Waiting on a Rejection Letter

July 7, 2017

“Em, are you ready to go yet?”

“Just a second, I have to check my email.”

“Again? Really?”

“I can’t help it! I’m waiting on a rejection letter.”

 

The above conversation has probably occurred in my household at least seven times, and why not? Someone read my writing, said, “Hmm, not right for this magazine,” and then emailed me about it. Which of course sounds like a negative (and I suppose in many ways it is), but rejection letters are like ripples emanating from the spot where you dropped a nice, flat stone into a body of water. They remind of you what was there, that things are moving because of it. Of course, acceptance letters are even more exciting, but that’s like watching a stone skip. A satisfying feeling, no doubt, but difficult to achieve. A good plop as the right stone sinks into the murky soup that your local park rangers like to pass off as a lake makes for a worthwhile second choice.

Perhaps I’m taking the figurative language a bit far. Okay then, moving on from that.

When you submit your writing, you’re putting yourself out there, and rejection is an inevitable result. I’m not saying that your writing will always be rejected and that you’re doomed to never be published, but rejection still going to happen. Even great poems get rejected, because sometimes editors really mean it when they say that your piece just doesn’t fit their current magazine or issue. I get rejected all the time, and I also had a poem nominated for Best of the Net 2016. Contrary to what your common sense might tell you, these things are not mutually exclusive.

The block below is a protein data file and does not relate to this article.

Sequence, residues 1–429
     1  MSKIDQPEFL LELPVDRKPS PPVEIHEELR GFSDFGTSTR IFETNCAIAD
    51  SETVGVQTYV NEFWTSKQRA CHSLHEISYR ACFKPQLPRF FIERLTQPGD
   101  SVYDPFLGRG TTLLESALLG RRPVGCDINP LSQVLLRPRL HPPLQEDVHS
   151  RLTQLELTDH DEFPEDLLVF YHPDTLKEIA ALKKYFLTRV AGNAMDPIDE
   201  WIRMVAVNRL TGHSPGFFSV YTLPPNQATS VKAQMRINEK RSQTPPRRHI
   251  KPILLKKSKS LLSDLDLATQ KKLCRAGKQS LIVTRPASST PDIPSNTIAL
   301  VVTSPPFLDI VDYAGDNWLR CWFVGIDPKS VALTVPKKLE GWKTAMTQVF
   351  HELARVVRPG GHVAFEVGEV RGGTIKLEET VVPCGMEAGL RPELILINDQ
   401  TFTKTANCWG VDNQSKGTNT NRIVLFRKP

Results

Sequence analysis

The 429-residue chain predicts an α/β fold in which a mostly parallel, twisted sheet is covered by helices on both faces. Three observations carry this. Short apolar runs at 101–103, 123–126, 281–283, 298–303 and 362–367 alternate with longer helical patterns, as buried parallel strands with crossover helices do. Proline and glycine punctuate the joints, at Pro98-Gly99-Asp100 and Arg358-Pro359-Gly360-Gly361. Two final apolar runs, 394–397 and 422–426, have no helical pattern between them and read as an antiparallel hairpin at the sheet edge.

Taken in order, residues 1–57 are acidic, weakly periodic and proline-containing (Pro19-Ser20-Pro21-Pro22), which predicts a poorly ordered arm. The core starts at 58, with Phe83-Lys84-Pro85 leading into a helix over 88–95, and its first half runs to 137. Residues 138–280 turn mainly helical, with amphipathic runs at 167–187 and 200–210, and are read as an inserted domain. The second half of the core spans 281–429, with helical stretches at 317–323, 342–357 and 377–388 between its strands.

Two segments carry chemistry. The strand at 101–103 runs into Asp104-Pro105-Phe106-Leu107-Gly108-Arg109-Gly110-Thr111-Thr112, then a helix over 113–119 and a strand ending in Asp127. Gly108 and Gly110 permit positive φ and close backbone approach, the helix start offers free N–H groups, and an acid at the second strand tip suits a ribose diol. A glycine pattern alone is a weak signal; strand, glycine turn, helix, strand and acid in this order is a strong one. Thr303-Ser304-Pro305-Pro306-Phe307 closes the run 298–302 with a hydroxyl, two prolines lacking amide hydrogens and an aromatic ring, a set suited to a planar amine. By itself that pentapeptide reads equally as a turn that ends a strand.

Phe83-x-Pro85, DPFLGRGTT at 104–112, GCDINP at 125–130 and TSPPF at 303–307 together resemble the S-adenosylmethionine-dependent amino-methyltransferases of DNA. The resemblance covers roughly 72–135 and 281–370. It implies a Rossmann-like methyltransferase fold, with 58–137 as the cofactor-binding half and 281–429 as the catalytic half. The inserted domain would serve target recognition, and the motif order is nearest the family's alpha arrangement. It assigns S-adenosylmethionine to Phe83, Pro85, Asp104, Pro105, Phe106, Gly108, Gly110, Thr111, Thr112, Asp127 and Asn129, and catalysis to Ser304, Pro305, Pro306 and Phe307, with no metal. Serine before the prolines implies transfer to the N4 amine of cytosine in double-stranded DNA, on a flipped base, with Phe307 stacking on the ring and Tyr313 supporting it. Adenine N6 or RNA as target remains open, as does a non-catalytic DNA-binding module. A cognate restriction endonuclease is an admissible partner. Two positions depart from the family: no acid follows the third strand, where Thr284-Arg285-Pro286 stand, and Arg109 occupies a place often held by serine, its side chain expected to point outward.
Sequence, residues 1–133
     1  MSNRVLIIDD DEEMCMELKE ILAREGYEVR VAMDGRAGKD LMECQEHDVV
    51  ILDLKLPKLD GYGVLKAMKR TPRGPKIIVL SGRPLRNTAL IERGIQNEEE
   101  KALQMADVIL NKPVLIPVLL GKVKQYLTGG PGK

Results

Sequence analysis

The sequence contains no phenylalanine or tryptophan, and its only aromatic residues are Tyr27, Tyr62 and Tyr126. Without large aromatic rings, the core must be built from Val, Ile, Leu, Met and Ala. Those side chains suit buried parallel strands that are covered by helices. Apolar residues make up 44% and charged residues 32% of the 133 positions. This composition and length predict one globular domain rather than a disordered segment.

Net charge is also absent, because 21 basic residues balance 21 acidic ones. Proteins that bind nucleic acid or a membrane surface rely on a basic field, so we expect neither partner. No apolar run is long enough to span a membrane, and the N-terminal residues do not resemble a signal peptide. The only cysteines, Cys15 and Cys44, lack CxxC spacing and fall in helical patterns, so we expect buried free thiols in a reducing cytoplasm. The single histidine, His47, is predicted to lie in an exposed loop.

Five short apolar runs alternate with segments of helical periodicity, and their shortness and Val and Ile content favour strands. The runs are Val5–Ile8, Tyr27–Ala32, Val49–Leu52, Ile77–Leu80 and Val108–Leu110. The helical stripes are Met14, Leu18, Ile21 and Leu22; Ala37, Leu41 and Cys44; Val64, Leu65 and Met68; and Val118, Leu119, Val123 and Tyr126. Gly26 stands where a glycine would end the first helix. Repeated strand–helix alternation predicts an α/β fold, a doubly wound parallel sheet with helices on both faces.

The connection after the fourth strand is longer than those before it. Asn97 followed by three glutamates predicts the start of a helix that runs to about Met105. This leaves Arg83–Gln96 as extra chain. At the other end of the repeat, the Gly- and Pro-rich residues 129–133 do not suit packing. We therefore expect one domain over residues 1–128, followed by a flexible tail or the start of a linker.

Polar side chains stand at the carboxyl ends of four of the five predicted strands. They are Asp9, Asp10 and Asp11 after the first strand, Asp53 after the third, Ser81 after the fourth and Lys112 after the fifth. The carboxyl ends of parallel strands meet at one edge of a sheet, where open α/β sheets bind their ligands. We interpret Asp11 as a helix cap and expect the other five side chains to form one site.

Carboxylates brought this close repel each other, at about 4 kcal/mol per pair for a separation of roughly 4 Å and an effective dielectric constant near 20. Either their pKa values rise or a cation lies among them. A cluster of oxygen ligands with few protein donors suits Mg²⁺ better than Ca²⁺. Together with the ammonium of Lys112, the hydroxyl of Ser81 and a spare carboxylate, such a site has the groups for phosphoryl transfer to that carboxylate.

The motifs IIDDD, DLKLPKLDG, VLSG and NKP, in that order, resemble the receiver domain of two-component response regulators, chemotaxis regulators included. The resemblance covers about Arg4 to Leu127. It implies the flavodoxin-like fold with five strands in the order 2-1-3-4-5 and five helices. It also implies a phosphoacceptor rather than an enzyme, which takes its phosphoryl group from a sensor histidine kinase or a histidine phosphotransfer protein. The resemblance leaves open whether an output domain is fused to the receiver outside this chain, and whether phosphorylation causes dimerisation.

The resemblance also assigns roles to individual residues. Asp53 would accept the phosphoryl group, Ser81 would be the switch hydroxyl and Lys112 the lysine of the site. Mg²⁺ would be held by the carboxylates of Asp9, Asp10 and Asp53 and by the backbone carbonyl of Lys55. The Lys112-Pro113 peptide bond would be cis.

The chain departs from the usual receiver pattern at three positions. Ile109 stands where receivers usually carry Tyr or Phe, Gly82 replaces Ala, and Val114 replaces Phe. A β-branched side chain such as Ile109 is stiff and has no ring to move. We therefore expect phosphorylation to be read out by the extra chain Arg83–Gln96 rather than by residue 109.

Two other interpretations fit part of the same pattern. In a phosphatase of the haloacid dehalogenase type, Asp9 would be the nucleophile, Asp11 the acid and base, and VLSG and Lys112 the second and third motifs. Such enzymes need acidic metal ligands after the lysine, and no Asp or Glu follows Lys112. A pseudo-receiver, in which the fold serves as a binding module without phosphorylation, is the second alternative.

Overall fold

So what do you actually do when you get rejected? Well, to each their own, but I usually just find a new magazine and submit my poems again. Or I submit different poems to the same magazine if I like what they publish enough. Usually when you like what a publication is doing your work will more or less fit in with theirs, and while that doesn’t mean that they’ll publish you, it is a start.

After a long string of rejections, it might be worth revisiting or even retiring a piece of writing. Still, I would encourage young writers not to be discouraged by rejection. It happens to everyone, and it doesn’t mean that a piece of writing isn’t well worth reading.  

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